|The Right Honourable
Sir Wilfrid Laurier
GCMG PC KC
|7th Prime Minister of Canada|
11 July 1896 â€“ 6 October 1911
The Earl of Aberdeen
|Preceded by||Charles Tupper|
|Succeeded by||Robert Borden|
|Born||Henri Charles Wilfrid Laurier
20 November 1841
Saint-Lin, Canada East
|Died||17 February 1919
Ottawa, Ontario, Canada
|Cause of death||Stroke|
|Resting place||Notre Dame Cemetery, Ottawa, Ontario|
|Spouse(s)||ZoÃ© Lafontaine (m. 1868; his death 1919)|
|Education||McGill University (J.D., 1864)|
Let them look to the past, but let them also look to the future; let them look to the land of their ancestors, but let them look also to the land of their children.
It is a sound principle of finance, and a still sounder principle of government, that those who have the duty of expending the revenue of a country should also be saddled with the responsibility of levying and providing it.
It would be simply suicidal to French Canadians to form a party by themselves.
I am not here to parade my religious sentiments, but I declare I have too much respect for the faith in which I was born to ever use it as the basis of a political organization.
This country must be governed, and can be governed, simply on questions of policy and administration and the French Canadians who have had any part in this movement have never had any other intention but to organise upon those party distinctions and upon no other.
I would advise you to write, my dear friend, because with your active nature, solitude is simply intolerable to you, and after some time your solitude would become perhaps attractive if you were to people it with creatures of your own fancy.
He is ready, if the occasion presents itself, to throw the whole English population in the St. Lawrence.
Two races share today the soil of Canada. These people had not always been friends. But I hasten to say it. There is no longer any family here but the human family. It matters not the language people speak, or the altars at which they kneel.
Why, so soon as French Canadians, who are in a minority in this House and in the country, were to organise as a political party, they would compel the majority to organise as a political party, and the result must be disastrous to themselves.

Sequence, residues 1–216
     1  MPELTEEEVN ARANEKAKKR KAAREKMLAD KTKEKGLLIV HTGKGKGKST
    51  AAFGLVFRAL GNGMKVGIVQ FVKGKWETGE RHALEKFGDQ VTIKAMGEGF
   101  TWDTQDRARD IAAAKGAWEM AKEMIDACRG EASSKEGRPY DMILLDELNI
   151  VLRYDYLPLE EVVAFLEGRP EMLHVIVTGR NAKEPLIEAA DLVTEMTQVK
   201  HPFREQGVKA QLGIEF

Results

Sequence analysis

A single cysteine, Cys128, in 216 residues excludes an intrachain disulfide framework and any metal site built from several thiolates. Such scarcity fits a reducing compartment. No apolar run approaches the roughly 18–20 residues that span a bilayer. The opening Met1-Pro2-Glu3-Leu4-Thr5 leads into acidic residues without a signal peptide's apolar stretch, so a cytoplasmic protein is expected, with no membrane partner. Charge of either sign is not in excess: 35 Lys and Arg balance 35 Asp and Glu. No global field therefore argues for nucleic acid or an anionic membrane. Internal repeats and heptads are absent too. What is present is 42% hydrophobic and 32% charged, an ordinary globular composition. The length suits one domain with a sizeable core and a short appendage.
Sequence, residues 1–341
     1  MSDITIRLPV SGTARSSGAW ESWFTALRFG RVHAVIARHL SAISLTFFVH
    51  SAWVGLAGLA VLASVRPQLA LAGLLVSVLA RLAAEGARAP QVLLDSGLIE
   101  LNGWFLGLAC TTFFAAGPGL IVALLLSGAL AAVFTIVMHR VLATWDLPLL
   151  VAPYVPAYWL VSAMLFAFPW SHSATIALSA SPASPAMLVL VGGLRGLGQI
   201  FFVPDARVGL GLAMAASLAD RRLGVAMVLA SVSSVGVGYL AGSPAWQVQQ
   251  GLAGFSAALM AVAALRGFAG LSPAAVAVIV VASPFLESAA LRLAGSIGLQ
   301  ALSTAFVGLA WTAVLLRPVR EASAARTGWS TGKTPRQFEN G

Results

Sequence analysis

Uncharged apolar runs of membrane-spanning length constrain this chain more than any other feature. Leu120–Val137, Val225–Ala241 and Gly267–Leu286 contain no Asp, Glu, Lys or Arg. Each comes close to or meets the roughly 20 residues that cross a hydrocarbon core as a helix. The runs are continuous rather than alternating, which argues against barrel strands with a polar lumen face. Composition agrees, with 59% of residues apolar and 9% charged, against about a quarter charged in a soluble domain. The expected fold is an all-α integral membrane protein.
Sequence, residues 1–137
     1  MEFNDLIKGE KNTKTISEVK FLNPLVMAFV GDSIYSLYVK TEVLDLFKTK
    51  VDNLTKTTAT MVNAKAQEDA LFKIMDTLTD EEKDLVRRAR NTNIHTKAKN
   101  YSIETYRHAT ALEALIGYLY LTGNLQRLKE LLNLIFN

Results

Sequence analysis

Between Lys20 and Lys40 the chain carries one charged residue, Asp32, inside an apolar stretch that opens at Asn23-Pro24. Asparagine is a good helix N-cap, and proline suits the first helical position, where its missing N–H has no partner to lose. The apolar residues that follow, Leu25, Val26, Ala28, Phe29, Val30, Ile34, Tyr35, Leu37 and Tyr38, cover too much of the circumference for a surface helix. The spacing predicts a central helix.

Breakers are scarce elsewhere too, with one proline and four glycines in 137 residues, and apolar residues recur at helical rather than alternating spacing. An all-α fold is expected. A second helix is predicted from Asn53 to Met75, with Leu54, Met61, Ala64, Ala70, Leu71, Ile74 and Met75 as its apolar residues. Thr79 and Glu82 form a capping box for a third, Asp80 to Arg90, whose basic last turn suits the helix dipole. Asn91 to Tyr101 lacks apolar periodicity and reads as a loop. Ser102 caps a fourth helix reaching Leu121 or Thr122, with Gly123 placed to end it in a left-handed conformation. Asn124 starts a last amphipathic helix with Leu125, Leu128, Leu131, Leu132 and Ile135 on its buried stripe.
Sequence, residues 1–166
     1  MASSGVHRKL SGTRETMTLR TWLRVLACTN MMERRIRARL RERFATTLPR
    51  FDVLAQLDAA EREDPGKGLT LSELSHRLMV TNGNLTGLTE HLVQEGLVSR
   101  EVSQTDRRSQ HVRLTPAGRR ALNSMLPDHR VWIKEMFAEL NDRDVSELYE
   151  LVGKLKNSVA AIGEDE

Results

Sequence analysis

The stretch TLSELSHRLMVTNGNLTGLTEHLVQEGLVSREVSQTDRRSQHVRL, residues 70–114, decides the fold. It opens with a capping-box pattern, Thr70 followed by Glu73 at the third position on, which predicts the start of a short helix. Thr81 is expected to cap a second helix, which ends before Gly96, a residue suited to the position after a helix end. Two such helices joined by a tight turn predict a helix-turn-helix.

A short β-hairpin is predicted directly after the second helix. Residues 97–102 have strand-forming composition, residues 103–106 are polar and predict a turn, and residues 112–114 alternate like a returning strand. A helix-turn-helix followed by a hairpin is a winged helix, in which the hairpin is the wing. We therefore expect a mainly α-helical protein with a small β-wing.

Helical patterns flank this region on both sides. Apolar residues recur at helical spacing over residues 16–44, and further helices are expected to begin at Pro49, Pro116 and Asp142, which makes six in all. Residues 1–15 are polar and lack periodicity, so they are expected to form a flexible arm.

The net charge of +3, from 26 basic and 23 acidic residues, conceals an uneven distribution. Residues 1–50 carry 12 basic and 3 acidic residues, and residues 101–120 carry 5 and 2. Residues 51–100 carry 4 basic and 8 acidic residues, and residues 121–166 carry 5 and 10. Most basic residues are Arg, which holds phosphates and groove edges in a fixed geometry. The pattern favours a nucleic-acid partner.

I have been represented as a Protestant minister; there was not one of the canvassers of the honourable gentlemen opposite that did not represent to the people that I was not a Minister of the Crown, but that I was a Protestant minister.
I claim for Canada this, that in future Canada shall be at liberty to act or not act, to interfere or not interfere, to do just as she pleases, and that she shall reserve to herself the right to judge whether or not there is cause for her to act.
The Divinity could be invoked as well in the English language as in the French.
I am a subject of the British Crown, but whenever I have to choose between the interests of England and Canada it is manifest to me that the interests of my country are identical with those of the United States of America.
Confederation is a compact, made originally by four provinces but adhered to by all the nine provinces who have entered it, and I submit to the judgment of this house and to the best consideration of its members, that this compact should not be lightly altered.
For us, sons of France, political sentiment is a passion; while, for the Englishmen, politics are a question of business.
I am quite prepared, if we can do it without any disrespect to the Crown of England, to bring our titles to the marketplace and make a bonfire of them.